What the Assisted Suicide Debate Has to Do with Evolution
It's not possible to remind yourself too often how evolutionary thinking ramifies through the culture. Assisted suicide, for example, the subject of a proposed new law before the California State Legislature, as Wesley Smith wrote here. Senate Bill 128 would bring California into the company of Oregon, Washington, Belgium, the Netherlands, Switzerland, and now Canada.
In brief -- at stake in the question of biological and cosmic origins is, finally, the question of the human self-image. Our colleague the historian Richard Weikart (California State University, Stanislaus) comments in an op-ed for the Merced Sun-Star.
Is this the wave of the future? Or is it a descent into barbarism that undermines the value of human life?
Debate over assisted suicide inflames passions because it strikes at the very heart of what it means to be human. Are we morally significant beings with intrinsic value?
Do we believe that "all men are created equal, that they are endowed by their Creator with certain unalienable rights, that among these are life, liberty and the pursuit of happiness"?
Or, are we simply the chance combination of chemicals thrown together over eons in an impersonal universe? Are we nothing but animals whose love and morality are products of random evolutionary processes -- and thus have no objective reality?
Legalizing assisted suicide is essentially treating people either like animals or, worse, like things.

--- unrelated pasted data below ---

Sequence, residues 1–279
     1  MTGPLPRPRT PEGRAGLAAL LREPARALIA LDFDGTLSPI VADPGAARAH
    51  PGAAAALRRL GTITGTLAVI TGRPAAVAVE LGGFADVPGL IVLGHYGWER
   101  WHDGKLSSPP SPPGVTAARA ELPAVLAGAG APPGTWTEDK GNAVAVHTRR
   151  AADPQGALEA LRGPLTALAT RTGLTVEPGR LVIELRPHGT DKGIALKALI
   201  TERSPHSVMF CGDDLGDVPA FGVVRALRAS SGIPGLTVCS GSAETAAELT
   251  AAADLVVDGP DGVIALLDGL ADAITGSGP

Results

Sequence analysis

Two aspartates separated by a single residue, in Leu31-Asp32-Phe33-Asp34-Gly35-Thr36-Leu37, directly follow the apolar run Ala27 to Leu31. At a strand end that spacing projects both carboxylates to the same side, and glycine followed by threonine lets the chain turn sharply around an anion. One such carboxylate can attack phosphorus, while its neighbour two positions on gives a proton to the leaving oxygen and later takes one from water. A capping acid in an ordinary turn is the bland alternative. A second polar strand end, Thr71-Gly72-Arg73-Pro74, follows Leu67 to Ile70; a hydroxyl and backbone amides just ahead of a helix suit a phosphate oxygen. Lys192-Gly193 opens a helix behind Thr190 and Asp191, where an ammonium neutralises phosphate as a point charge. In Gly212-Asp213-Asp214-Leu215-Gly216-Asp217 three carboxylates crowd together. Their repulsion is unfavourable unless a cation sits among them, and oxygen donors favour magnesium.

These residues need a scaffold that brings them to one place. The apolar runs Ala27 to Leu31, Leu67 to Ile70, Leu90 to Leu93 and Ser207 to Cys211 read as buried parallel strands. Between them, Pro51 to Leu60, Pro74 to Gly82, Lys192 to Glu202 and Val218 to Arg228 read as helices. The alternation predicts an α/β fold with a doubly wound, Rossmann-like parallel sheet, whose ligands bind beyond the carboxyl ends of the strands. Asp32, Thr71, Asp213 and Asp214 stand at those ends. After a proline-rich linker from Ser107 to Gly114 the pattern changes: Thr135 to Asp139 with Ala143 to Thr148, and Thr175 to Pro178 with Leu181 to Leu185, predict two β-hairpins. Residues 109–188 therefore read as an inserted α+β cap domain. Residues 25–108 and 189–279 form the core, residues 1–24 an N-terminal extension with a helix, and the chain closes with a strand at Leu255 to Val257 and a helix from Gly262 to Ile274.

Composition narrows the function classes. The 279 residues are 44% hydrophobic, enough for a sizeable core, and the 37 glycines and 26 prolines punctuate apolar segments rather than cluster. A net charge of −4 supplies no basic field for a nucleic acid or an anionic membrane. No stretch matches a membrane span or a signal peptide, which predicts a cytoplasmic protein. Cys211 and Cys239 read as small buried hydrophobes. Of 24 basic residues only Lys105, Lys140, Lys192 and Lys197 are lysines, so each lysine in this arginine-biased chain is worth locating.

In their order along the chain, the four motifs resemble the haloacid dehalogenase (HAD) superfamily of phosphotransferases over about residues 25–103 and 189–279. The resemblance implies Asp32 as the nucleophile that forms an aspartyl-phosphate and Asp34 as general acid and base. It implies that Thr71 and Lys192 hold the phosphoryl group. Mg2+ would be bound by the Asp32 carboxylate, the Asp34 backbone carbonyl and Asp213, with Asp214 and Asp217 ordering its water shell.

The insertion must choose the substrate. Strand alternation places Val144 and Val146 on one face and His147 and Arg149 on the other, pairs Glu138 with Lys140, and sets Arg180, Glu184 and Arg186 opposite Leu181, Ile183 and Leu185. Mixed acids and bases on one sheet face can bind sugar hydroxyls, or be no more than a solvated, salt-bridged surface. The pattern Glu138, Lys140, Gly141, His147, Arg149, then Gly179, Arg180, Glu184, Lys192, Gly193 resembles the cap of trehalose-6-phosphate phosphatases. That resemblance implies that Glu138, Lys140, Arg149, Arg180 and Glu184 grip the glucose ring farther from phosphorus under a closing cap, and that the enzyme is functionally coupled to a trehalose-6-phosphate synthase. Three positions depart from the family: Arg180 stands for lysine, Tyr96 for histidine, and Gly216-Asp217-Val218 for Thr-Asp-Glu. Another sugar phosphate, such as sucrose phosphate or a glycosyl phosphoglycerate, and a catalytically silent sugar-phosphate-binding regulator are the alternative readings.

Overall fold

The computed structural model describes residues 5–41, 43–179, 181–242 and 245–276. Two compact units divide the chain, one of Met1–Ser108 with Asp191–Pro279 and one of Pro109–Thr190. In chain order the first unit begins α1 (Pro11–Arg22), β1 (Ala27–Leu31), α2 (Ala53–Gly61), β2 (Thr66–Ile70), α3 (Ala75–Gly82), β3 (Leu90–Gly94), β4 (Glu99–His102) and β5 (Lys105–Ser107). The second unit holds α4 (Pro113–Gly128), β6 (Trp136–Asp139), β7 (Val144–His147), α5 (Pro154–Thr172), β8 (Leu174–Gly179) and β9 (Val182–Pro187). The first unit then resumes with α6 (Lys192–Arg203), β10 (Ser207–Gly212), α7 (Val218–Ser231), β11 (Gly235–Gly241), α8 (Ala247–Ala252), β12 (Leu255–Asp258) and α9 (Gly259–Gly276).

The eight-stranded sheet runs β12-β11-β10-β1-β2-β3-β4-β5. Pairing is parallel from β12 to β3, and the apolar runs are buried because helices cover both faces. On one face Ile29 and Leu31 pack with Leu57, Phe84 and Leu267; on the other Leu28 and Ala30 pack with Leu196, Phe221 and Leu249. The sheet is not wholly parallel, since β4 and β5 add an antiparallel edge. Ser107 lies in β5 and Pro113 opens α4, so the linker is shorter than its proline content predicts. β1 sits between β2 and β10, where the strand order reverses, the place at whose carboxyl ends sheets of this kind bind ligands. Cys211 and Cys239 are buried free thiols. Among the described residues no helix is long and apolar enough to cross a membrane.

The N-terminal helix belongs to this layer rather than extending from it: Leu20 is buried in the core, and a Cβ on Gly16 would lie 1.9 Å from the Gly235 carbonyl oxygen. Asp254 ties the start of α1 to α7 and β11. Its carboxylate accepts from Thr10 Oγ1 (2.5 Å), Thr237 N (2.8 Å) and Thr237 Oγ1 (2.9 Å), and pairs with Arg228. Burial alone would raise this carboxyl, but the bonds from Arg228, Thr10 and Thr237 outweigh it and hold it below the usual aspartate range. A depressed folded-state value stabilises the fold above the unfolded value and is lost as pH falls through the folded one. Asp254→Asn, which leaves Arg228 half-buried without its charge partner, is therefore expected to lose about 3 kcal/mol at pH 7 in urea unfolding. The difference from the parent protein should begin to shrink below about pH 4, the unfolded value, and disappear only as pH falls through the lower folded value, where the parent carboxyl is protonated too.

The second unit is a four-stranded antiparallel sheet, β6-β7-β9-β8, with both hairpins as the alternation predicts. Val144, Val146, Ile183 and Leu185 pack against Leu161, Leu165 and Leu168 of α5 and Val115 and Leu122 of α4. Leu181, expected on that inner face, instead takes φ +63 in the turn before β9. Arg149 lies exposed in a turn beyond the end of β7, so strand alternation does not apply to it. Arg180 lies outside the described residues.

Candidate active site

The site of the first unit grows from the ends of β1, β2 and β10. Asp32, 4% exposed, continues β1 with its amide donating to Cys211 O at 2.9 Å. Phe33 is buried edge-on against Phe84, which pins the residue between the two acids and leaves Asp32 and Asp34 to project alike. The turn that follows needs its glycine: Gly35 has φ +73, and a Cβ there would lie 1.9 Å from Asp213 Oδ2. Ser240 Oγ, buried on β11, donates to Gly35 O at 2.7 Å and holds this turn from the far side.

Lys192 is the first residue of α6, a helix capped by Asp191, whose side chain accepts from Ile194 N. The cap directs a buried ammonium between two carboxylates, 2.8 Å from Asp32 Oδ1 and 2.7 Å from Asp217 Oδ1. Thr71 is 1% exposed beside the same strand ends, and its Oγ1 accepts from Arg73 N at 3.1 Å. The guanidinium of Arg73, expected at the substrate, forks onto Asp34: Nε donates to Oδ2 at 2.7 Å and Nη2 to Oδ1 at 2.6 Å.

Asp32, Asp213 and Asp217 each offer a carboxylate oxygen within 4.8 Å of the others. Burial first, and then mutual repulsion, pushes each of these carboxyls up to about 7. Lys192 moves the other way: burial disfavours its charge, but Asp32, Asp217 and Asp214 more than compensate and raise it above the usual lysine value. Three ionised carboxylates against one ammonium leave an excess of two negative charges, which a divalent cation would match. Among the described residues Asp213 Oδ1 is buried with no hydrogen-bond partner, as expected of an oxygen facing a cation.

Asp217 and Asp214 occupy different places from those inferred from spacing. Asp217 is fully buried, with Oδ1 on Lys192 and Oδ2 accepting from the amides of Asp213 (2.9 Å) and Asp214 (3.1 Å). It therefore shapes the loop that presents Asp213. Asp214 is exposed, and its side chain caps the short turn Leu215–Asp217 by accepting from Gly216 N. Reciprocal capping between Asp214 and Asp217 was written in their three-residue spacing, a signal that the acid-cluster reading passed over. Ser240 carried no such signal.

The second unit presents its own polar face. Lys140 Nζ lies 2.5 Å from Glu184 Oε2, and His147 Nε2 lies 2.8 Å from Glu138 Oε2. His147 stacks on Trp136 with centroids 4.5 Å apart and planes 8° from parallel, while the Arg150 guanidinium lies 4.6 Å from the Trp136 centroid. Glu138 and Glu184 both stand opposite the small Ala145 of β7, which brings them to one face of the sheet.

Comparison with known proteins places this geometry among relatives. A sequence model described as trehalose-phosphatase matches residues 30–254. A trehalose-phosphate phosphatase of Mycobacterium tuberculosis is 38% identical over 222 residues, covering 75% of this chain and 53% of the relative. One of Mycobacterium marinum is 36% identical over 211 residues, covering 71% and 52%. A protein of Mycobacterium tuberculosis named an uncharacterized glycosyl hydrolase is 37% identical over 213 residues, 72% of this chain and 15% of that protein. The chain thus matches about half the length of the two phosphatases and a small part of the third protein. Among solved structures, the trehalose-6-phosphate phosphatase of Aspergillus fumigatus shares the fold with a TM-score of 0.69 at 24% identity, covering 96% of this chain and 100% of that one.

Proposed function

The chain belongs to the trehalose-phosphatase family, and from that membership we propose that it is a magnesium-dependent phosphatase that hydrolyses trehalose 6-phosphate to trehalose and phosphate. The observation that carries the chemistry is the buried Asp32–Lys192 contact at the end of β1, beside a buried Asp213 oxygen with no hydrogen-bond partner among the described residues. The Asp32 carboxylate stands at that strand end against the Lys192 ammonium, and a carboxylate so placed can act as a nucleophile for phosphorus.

Peter Singer, a leading bioethicist supporting euthanasia, professes that humans are not special, but are just another animal. Nobel Prize-winning biologist Francis Crick has said, "You're nothing but a pack of neurons." No wonder Crick thought infanticide was acceptable.
As a historian who has written about the history of euthanasia, I have noticed that this kind of disdain for the sanctity of human life has led down some rather dark paths. By the early 20th century, many scientists and physicians in the U.S. and elsewhere were labeling people with disabilities as "inferior," "useless," "burdens," "unfit" and even "persons of negative value." The Nazi regime dubbed them "life unworthy of life," "useless eaters" and "subhumans." Then, in less than six years, they murdered over 200,000 disabled people among the 7 million they annihilated.
My point is not that assisted suicide in Washington or Oregon is the same as Nazi euthanasia. However, it seems to be based on some of the same attitudes -- specifically, the notion that some people's lives are not worth living and they are a burden both to themselves and to others. Instead of encouraging them to live, assisted suicide proponents suggest we should treat them like animals and put them out of their misery.
Put them out of our misery, too, Wesley would add.
As another Discovery Institute colleague, political scientist John West, reminds us, there is no "firewall" between science and culture. That observation defines the mission of the Center for Science & Culture, which is aptly named. Read the rest of Dr. Weikart's comments here.